A dare opened doors: Judge Mary Noonan reflects on opportunities in her career

Mar 05, 2024 | Alumni

by Angela Turnbow

Judge Mary Noonan, an older white woman with short gray hair wearing a royal blue blouse and necklaceThis article was originally published in the winter 2024 issue of Res Gestae.

A dare initially started Judge Mary T. Noonan (’86) on the path toward a legal career.

Noonan studied sociology at Gonzaga University in Spokane, Wash., and recalls that her friends were preparing to take the LSAT. On the eve of their exam, they said, “Mary, we dare you to show up for the exam! And think about law school!”

Not wanting to back down, Noonan took that dare and the exam. However, she didn’t immediately apply to law school.

Serving families through social work

Soon after graduation, she found herself in Boston, Mass., working as a social worker for the Boston social services system on cases of abuse and neglect for families and children. Noonan remembers attending many court hearings for these families and thinking that it was the lawyers who got to talk.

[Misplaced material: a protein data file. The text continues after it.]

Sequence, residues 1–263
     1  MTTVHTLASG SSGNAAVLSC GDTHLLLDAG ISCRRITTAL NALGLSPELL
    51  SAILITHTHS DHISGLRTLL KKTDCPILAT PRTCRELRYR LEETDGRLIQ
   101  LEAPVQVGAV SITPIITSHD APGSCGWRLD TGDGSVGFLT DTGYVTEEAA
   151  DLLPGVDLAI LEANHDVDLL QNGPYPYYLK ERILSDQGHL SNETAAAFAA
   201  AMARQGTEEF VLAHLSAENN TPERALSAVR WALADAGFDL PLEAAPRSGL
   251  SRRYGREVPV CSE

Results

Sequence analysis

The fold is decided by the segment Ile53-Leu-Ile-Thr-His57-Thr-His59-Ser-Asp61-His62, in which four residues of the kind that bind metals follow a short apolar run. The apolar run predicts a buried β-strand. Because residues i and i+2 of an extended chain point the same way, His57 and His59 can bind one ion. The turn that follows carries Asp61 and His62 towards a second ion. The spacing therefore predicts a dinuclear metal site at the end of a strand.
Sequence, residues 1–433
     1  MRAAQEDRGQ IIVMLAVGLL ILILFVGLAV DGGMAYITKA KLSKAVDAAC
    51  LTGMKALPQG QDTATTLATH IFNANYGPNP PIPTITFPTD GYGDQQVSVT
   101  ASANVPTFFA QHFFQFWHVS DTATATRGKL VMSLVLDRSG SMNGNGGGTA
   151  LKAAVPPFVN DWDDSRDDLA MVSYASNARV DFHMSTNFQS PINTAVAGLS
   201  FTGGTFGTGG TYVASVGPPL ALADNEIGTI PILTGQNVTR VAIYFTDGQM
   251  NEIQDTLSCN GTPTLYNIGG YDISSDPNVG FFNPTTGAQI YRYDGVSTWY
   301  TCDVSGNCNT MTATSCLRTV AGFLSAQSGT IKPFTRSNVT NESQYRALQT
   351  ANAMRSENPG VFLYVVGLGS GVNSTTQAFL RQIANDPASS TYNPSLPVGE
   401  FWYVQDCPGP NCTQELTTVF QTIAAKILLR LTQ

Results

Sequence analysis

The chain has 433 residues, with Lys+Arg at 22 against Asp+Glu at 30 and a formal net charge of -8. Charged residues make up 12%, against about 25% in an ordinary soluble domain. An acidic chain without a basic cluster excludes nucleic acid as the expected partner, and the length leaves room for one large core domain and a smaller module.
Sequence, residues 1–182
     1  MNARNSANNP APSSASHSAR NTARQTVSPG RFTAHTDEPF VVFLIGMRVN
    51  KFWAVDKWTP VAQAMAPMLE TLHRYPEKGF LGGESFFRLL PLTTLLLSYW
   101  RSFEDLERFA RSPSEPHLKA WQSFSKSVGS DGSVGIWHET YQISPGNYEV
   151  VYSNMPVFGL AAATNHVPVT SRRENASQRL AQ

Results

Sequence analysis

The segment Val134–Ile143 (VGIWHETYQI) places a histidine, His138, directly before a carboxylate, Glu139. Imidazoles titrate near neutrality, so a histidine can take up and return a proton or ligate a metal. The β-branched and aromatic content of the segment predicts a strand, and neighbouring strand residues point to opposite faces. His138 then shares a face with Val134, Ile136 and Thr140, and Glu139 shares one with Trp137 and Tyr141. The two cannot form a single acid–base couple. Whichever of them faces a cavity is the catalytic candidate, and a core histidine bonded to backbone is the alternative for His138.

“That irked me because they didn’t know anything about these families,” she recalls. “Wait a minute, I took the LSAT on a dare. I’m going to law school at some point so I can speak up!”

Noonan moved back to Utah and began her graduate education at the University of Utah in public administration. After that first semester, though, she decided it was time to apply to law school.

“I’m in graduate school anyway. I wasn’t married. I didn’t have kids. I could throw myself into being a student and thought, ‘Well, why not just do them both together?’” Noonan recalls.

She was accepted to Utah Law and continued pursuing her MPA—working with both the College of Law and the department of political science to complete both degrees before the JD/MPA dual degree program was even available to students.

“The law school and the political science department both were very helpful and flexible. They were willing to work with this student [me] who wanted to get both degrees, and there wasn’t a formal program yet. So they made it through collaboration, and I graduated with both degrees in four years,” Noonan says.

Soon after Noonan graduated in 1986, the College of Law made dual-degree programs available to students—the JD/MPA and JD/MBA programs among the first—and now has six dual-degree program options available.